Since the first blog post appeared in 1994, blogging has become an important and influential part of the online landscape. From its start as an online diary to becoming an indispensable part of any communication strategy, a blog exists to share information or start a discussion around common interests or passions. It is a platform that has grown in influence, and taken on a commercial role. With cross-platform publication, sponsorship, and endorsement, these days a blog is for not only individuals, but small business, companies, brands, associations, think tanks, media outlets, and much more.
When Justin Hall started what has become known as the world’s first blog, it wasn’t even called a blog. He was just writing about his life on a website – lots of text and links. The term ‘weblog’ wasn’t coined until 1997. A lot has happened since then.
Where did blogging start?
People have been journaling or keeping a diary for centuries. They are often a deeply personal account of life, purely from the writer’s perspective. Journals are written to keep a record of events and experiences and to help in working through personal issues. But without an audience.
In 1994 a college student, Justin Hall, started Justin’s Links from the Underground. He shared snippets from his life with an unknown audience, and it was his way of documenting his daily activities. It is widely believed to be the first weblog or blog and was the first of many online diaries and journals. It started as a way of sharing information and with time, it became a more personal account of his life. Each journal entry was a webpage. Unlike the visuals, infographics, embedded video clips we know today, early blogs were text-based and existed to share the writers’ personal interests or details of their lives.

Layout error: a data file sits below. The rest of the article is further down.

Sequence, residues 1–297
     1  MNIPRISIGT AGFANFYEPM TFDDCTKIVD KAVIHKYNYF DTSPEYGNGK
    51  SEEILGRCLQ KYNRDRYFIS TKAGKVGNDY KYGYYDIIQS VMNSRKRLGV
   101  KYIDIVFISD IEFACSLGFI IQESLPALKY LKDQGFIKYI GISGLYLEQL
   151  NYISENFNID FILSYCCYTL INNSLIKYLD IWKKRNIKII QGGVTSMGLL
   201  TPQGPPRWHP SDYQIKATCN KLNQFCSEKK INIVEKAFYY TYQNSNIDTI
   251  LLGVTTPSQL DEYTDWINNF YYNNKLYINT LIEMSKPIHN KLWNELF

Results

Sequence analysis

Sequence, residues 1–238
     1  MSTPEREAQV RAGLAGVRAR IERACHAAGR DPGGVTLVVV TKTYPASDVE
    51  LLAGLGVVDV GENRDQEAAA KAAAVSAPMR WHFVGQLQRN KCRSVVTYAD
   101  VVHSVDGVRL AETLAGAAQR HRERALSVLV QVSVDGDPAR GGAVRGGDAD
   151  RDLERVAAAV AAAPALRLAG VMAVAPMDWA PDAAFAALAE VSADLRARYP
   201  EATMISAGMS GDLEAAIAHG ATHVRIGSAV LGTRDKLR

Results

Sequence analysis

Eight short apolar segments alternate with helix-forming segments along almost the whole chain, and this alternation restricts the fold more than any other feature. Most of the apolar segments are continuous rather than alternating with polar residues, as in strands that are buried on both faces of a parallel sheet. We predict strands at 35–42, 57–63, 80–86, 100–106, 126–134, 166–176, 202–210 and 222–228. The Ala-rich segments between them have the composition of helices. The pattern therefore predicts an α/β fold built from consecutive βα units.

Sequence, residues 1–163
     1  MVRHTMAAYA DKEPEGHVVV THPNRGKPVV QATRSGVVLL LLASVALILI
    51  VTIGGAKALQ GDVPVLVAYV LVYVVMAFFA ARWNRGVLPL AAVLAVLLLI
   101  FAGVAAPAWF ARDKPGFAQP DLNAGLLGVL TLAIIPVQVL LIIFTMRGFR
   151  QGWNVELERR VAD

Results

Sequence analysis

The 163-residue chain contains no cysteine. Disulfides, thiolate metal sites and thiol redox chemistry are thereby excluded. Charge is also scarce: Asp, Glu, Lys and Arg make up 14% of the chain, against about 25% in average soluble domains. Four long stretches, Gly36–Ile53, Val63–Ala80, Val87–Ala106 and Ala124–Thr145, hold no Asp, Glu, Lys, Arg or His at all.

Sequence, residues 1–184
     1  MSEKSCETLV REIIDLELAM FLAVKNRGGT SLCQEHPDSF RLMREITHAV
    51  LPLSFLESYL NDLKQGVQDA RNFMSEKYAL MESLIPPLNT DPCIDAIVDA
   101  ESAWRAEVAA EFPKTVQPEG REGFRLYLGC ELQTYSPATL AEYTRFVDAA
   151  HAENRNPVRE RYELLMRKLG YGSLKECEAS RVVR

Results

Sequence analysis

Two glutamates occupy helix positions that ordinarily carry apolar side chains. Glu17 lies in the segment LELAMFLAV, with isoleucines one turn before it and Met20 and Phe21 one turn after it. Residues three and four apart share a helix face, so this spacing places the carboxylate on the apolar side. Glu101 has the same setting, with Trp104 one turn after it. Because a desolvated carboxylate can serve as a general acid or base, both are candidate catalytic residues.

A brief history of blogs
The timeline of the evolution of blogging features a few key dates when technology took a big step forward. Essentially, as more blogging tools and platforms were developed, blogging became more mainstream. Initially, bloggers created their web pages in HTML which limited blogging to only those who could code or program. With the launch of blog hosting platforms, access opened up significantly. Here is a quick look at the arrival of these platforms and their launch dates:
1998 Open Diary
1999 Blogger (later acquired by Google) and LiveJournal
2003 WordPress and TypePad
These platforms and other blog hosting services democratized the practice of blogging by making it accessible and user-friendly. Knowing how to code HTML was no longer a requirement to blog. The subject areas also broadened, with Huffington Post and Buzzfeed introducing politics and news into the blogosphere.
Benefits of blogging – now and then
Just like the first bloggers, individuals are still writing online diaries and sharing their interests, convictions, and daily activities with the blogosphere. Blogging gives the blogger a way of sharing their opinions and these days, participating in a community of like-minded people online. It creates communities and a strong connection is built between the blogger and his/her audience. In the comments section, there is interaction and exchange.